Real wages grew by 1.2 per cent in the three months to December 2018, as a tight labour market continues to deliver on both job quality and quantity, the Resolution Foundation said today (Tuesday) in response to the latest labour market figures.
The Foundation says that real wage growth is on course to strengthen further to around 1.5 per cent in the coming months – the fastest growth since the EU referendum.
It notes that this would leave pay growth still well below the pre-crisis trend of 2.3 per cent however, and warns that the UK’s continuing poor performance on productivity, which was down 0.2 per cent year-on-year at the end of 2018, may limit the scope for faster pay growth.
The encouraging news on pay came alongside good news on both job quantity – as employment rose by 167,000 and inactivity fell to record lows – and job quality – as the share of workers on Zero-Hours Contracts at the end of 2018 was down 57,000 on the previous year.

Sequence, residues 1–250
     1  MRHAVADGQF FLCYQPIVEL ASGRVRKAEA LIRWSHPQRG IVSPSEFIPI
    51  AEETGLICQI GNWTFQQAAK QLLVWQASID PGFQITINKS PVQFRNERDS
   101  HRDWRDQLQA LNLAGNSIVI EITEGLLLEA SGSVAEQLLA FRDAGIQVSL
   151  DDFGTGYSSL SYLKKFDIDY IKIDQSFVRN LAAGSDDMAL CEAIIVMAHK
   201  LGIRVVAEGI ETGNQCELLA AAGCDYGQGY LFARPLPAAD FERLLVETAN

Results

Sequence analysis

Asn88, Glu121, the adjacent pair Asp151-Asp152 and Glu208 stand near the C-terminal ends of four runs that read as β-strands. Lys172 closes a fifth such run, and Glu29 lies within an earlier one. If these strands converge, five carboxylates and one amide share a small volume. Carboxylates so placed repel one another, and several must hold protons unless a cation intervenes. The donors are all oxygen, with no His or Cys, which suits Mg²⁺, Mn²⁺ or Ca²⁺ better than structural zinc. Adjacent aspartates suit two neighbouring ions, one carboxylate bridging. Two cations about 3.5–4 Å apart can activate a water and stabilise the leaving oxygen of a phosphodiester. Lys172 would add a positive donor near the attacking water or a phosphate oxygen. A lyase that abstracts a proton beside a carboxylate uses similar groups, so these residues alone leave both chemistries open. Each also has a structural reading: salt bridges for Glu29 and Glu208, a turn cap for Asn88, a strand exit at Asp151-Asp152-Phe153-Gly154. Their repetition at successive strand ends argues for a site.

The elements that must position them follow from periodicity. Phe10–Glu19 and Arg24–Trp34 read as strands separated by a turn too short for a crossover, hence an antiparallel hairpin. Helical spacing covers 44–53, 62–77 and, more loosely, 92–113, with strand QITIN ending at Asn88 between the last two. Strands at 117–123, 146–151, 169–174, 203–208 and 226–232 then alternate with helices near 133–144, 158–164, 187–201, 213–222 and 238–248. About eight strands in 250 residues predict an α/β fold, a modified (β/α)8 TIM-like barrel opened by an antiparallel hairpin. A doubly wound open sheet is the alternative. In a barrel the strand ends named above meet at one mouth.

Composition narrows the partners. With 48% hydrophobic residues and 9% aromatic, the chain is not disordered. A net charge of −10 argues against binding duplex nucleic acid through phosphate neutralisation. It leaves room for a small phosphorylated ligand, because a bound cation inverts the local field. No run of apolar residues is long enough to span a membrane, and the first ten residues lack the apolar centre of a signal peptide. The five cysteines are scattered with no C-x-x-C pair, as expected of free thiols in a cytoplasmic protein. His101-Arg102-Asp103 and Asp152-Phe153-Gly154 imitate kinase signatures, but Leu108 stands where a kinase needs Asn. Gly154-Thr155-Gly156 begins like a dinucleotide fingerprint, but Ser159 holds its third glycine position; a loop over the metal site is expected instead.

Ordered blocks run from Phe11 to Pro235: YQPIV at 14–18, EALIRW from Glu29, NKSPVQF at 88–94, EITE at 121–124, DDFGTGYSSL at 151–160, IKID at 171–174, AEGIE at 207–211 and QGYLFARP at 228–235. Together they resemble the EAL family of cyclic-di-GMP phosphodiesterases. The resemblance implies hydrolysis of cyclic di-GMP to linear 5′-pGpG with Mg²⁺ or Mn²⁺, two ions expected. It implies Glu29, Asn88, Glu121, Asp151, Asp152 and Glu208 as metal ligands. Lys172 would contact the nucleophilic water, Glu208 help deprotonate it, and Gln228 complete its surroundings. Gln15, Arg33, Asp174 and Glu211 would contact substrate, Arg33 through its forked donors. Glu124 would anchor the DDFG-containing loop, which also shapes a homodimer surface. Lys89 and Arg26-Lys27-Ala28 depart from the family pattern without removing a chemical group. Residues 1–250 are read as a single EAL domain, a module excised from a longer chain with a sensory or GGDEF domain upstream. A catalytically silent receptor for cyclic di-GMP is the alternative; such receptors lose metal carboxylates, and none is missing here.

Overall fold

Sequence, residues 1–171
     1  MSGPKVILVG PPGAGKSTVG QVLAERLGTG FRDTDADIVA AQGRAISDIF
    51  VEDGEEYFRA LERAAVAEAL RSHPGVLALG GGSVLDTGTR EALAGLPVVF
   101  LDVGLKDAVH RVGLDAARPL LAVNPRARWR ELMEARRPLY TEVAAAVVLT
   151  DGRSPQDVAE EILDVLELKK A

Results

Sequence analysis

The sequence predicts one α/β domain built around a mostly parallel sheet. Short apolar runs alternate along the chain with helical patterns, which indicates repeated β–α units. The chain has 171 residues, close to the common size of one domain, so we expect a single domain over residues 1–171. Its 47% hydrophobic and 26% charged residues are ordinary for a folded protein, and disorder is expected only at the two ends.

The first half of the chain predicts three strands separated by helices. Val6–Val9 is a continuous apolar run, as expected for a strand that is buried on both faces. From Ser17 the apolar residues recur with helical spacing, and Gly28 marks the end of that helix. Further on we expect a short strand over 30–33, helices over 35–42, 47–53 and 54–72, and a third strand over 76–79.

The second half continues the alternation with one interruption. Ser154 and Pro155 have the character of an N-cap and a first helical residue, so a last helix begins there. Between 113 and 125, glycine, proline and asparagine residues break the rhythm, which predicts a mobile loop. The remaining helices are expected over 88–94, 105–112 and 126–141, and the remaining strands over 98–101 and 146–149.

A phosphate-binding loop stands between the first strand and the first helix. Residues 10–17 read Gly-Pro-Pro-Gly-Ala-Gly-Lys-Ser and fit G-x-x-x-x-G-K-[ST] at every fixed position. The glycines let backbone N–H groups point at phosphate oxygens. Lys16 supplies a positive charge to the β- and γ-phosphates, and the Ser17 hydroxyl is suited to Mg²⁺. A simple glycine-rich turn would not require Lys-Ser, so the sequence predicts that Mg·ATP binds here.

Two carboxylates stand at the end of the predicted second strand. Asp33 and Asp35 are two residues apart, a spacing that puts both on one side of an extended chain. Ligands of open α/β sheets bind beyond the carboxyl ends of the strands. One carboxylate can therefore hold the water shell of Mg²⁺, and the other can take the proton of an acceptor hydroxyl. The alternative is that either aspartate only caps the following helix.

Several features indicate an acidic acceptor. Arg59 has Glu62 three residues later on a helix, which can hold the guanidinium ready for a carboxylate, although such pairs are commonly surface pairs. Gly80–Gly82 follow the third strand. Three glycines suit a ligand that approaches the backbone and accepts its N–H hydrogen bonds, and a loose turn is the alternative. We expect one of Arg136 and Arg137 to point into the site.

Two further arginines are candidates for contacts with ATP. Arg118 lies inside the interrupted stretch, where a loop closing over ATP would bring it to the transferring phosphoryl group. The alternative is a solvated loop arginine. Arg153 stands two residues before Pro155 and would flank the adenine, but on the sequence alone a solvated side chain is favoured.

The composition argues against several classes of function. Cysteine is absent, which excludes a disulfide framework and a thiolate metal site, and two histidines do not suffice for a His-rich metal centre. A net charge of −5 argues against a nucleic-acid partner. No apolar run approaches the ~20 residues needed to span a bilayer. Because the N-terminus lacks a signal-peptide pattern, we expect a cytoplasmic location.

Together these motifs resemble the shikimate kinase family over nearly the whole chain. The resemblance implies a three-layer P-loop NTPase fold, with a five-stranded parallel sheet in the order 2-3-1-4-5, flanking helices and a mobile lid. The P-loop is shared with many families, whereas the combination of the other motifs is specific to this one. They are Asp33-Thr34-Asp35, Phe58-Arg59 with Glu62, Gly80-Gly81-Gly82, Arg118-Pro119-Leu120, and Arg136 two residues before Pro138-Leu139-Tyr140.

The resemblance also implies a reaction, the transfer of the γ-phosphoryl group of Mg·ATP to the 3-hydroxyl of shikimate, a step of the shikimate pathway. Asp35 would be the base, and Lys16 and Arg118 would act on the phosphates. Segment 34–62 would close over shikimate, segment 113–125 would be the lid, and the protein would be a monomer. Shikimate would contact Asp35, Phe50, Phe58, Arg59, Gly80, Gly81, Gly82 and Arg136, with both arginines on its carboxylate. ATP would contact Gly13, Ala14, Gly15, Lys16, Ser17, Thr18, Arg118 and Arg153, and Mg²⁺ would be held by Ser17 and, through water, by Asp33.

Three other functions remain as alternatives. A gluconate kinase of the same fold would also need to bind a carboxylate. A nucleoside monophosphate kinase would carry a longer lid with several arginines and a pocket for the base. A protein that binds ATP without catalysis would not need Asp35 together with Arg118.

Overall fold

The Foundation says that while recent labour market news is encouraging, the bigger picture on living standards in recent years has been disappointing. It pointed to the fact that average household incomes are around £1,500 a year lower today than they were expected to be before the Brexit referendum, and noted that an increasing number of firms are citing Brexit uncertainty as a source of potential disruption.
Stephen Clarke, Senior Economic Analyst at the Resolution Foundation, said:
“Britain’s long overdue pay recovery is continuing to strengthen off the back of a tight labour market and easing inflationary pressures.
“It’s encouraging too to see a tight labour market also deliver on job quality, with the share of workers on Zero-Hours Contracts falling slightly. However, workers today are still far more likely to be on a Zero-Hours Contract or in low-paid self-employment than they were before the financial crisis – a shift that is looking increasingly permanent.
“Absent external forces, we might expect things to improve still further over the course of 2019. But the combination of Brexit uncertainty and a global economic headwind mean this might prove to be the calm before the storm.”